"It’s the first time we’ve been exclusively writing since Comedown Machine," Casablancas said. "We’re planning on recording stuff. I still think we could do cool things and I’ll do that."
While it's been two years since the release of Comedown Machine, Casablancas has been busy promoting Tyranny, the 2014 album he recorded with new backing band, the Voidz. Casablancas added that he would like to continue both projects if possible, and admitted at another point in the interview that working with the Voidz had felt more like a true collaboration.
While the Strokes' writing and recording process has grown more democratized over their past two albums, the band hasn't been without their spats. Casablancas said, however, that the band's "relationship is good now," but noted that it wasn't until their FYF Fest set last year that he began to feel positive about the band's future.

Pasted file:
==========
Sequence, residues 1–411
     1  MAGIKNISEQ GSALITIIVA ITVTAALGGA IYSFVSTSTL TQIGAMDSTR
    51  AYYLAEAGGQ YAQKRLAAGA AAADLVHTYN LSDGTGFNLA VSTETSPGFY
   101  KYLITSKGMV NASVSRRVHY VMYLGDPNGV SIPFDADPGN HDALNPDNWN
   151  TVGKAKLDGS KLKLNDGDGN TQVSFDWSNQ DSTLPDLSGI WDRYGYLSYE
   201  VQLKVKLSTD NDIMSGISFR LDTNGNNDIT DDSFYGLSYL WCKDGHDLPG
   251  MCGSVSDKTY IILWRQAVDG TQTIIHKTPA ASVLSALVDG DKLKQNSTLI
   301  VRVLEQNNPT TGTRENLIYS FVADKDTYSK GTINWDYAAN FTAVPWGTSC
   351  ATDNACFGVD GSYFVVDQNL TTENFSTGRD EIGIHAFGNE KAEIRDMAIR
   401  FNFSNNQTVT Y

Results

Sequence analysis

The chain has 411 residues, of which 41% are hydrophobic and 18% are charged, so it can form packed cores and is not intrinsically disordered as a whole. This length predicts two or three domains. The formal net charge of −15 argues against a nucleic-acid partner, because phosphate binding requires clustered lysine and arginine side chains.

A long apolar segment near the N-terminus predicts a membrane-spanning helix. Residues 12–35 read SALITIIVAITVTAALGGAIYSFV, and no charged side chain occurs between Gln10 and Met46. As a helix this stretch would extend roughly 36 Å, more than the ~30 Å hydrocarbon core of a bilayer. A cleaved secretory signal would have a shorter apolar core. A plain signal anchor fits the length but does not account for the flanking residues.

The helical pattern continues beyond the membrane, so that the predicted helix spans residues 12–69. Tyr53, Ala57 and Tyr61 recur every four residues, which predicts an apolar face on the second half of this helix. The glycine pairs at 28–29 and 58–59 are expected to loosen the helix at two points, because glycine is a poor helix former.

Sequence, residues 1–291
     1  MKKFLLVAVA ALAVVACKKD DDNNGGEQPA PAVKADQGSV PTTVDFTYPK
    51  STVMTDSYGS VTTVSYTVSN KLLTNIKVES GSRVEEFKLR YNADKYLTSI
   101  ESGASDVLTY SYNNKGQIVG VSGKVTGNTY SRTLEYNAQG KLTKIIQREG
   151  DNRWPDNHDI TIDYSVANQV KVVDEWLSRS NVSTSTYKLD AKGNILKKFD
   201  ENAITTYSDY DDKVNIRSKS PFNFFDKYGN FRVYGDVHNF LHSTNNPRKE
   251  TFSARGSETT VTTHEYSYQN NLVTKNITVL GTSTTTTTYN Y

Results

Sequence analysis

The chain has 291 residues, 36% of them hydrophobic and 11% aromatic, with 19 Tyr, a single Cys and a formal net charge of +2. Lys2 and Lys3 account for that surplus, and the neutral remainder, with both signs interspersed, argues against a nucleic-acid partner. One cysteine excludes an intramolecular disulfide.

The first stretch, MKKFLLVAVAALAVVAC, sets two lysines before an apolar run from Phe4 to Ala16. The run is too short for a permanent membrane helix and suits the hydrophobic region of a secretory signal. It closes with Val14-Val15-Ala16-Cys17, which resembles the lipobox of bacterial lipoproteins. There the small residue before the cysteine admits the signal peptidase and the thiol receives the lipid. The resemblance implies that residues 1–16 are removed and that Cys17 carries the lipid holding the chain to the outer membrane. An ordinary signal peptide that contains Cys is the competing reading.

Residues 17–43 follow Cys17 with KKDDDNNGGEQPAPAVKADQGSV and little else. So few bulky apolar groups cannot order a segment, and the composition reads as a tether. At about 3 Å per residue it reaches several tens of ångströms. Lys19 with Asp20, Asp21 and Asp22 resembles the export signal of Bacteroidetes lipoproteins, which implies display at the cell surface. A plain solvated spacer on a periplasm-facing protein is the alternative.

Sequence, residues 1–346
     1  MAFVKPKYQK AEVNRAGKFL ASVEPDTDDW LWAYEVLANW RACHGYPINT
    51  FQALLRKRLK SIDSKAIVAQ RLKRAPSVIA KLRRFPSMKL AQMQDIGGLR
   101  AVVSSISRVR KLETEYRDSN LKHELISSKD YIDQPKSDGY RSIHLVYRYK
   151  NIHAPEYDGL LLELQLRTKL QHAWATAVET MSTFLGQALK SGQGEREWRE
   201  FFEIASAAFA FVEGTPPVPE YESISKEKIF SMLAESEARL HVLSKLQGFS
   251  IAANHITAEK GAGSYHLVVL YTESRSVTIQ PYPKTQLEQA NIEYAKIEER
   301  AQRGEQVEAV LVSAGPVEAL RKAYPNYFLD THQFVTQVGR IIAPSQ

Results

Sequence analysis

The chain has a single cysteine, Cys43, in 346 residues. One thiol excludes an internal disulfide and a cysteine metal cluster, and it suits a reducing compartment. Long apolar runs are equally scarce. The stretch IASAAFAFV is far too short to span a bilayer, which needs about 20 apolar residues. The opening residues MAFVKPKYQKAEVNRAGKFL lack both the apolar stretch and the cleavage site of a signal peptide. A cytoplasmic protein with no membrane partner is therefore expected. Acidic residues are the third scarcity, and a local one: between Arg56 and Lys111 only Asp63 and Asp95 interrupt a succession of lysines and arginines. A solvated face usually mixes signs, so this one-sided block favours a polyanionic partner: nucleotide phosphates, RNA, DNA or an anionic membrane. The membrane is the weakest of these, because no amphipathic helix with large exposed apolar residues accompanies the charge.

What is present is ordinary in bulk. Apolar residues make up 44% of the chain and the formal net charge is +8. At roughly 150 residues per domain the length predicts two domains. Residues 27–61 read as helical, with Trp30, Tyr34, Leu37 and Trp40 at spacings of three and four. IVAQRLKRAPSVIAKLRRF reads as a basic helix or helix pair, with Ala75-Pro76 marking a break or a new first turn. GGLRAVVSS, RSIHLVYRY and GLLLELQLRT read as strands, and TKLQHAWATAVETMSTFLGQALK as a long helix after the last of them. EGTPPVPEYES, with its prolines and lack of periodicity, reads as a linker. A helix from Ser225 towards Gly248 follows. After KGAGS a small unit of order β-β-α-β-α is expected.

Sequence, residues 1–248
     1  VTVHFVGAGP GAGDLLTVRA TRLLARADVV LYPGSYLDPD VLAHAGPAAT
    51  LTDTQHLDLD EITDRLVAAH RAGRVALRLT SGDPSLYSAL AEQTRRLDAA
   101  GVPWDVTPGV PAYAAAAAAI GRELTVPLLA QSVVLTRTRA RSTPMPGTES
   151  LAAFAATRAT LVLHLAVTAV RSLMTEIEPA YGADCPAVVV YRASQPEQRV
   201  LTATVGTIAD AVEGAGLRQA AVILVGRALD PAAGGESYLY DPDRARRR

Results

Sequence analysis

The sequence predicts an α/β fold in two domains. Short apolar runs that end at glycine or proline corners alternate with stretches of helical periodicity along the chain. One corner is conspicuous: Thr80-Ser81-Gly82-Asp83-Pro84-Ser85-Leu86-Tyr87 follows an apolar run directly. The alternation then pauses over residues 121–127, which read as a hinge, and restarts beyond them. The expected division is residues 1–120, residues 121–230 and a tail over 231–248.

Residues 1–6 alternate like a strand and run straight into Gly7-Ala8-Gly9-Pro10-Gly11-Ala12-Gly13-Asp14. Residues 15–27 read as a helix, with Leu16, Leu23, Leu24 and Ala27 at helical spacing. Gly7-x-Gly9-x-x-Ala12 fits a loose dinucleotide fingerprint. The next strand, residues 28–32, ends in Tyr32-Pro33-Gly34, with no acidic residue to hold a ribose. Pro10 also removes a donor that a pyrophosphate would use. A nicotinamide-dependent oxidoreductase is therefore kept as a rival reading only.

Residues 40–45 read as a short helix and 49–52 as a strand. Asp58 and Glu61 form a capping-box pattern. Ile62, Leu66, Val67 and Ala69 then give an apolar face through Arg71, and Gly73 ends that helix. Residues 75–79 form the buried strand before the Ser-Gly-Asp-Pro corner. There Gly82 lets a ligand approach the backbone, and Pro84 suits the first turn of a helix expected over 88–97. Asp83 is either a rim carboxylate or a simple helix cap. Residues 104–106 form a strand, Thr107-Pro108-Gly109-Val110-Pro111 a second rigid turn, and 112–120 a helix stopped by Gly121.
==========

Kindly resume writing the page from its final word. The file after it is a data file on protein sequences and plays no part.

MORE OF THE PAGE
"The Strokes [were] my life," he said. "It was everything, and I put everything into it — it was a journey that I wanted to keep moving forward, but I couldn’t do that anymore, and it was very frustrating. So it took all this time to getting round to almost starting a new band to get to the point where I can continue to do what I set out to do from the beginning. It’s like if we had the best team ever and before the championship people started celebrating and not practicing. And we still have to play the playoffs."
Along with a new Strokes record, Casablancas said he's set to record a duet with Jehnny Beth, singer of the U.K. post-punk outfit, Savages, whom the Voidz played with at a series of South American festivals last year.
The Strokes also have a handful of festival dates lined up for this summer, including Shaky Knees in Atlanta and Primavera Sound in Barcelona. They'll also headline a show at London's Hyde Park on June 18th alongside Beck, Future Islands and more.